I’m probably done with IFTTT. I’ve waited for a business model and instead I get crazy service integrations I’ve never heard of. Now it looks like IFTTT integration with Pinboard will end in the near future and it’s ending for bad reasons. Browse through the amusing Twitter feed of @pinboard and you’ll see tweets like this: Tweet Link I am invited to join their private Developer Platform and feast on the rich analytics therein, which isn’t really my cup of tea
Pinboard will have a new pricing model in 2015, driven by the inability of people to read the current pricing page. Since the beginning, you paid once for a standard Pinboard account. The price for a perpetual license would go up based on the number of people that purchased it. The earlier you got in, the lower your one-time license cost. Pinboard also offers an annual service called an Archive account.
In case it’s not obvious, I think Pinboard is just great. I use it for anything that has a URL I want to remember. But it also means I have about 15,000 bookmarks. That’s where tagging comes in handy. I use several types of notation for my Pinboard tags. Here’s what’s been particularly useful for me over the years. Project Tags I tag large projects with an underscore prefix. A project aggregates bookmarks (and notes) that might otherwise be unrelated.
I’ve always really liked Pinswift as an iOS Pinboard client. It was the first client to support full text searching for archive accounts and the design is interesting and useful. The 1.3 update brings several welcome enhancements and support for the new iPhones. My favorite new feature is the smart title and description generation for new bookmarks. When adding a new bookmark from a link, Pinswift intelligently generates the title (like many Pinboard apps) as well as a succinct description.
This is the dumbest and most useful trick I have for Pinboard (in a long line of dumb Pinboard tips). Perform a search in the Pinboard web app.1 Now bookmark the resulting page in Pinboard. It’s pin-ception! I tag the bookmark with _query so I can see all of my saved queries on one Pinboard page. A Pinboard search can be limited to either just your own bookmarks or everyone’s. I give them a meaningful title to differentiate.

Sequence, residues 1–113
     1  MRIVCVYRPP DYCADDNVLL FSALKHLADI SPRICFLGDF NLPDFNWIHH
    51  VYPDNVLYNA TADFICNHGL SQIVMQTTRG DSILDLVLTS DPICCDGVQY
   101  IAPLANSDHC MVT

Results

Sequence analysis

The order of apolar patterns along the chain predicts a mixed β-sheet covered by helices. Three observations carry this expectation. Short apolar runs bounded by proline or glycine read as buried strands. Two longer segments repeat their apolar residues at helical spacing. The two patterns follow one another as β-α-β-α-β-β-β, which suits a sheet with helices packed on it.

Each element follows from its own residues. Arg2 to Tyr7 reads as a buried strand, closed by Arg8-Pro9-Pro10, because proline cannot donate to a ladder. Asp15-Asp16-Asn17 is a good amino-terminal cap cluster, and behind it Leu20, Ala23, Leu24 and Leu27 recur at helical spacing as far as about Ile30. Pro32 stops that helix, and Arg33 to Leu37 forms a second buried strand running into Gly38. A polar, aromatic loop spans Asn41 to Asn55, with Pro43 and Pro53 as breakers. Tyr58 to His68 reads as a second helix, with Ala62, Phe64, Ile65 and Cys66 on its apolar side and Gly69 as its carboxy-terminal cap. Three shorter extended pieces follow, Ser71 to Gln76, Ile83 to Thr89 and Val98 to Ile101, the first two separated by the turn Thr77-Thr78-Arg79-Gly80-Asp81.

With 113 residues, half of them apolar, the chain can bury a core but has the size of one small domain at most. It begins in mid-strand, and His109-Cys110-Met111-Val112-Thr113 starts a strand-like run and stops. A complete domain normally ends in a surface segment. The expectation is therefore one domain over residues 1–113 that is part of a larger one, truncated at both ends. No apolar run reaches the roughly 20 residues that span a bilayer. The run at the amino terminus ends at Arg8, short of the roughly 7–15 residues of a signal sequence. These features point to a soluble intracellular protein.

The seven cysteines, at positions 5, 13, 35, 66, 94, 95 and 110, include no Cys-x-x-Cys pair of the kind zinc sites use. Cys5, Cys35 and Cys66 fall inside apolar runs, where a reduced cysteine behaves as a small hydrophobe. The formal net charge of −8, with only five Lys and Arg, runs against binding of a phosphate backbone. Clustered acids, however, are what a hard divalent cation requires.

Just a friendly reminder, that if you follow my public Pinboard feed, you’ll find interesting reads such as the following: Bourbon County Stout Vintage Statistics JSON Mail Access Protocol Specification Famous Author’s Sleep Patterns 76,000 Pounds of Ribs Burn in Truck Fire The Woman Who Gave Birth to Rabbits Feel free to thank me for not posting every link-article I find interesting.
A Pinswift bookmarklet (previous review) grabs the current browser page and sends it to the app. Nice.
Pinner is an iOS app for Pinboard.in junkies like me. I gave it a look when it first came out but the performance wasn’t good enough to keep up with the number of bookmarks I have in Pinboard. I’m happy to say that Pinner 2.0 is great. The caching and browsing is fast. I really like the addition of favicons to the bookmarks. It’s a nice little attention grabber when I’m browsing through my list looking for something to read.
Paperback is a new web service for reading Pinboard bookmarks formatted in a readable and non-distracting view. I’ve been testing it for a couple of months and it’s very nicely done. $15 per year is a pretty good value if you use Pinboard as your reading library, as I do. Here’s the elevator pitch: Read things Archive things back into Paperback (with tags or other metadata, if you’d like) Delete things I like some of the nice touches like logging in with a Pinboard token.
Here’s how the link posts work here on Macdrifter: Everything I read goes to Pinboard. At some point later, when I have time and energy, I try to pull out my favorites and post them here. Do you have that uncle that sends you “interesting” articles by email every day? Yeah, the link posts on Macdrifter are my version of that. If you want to see almost1 everything I read, you can either look in the side bar here on the site (rather than RSS)2 or subscribe to my public Pinboard RSS.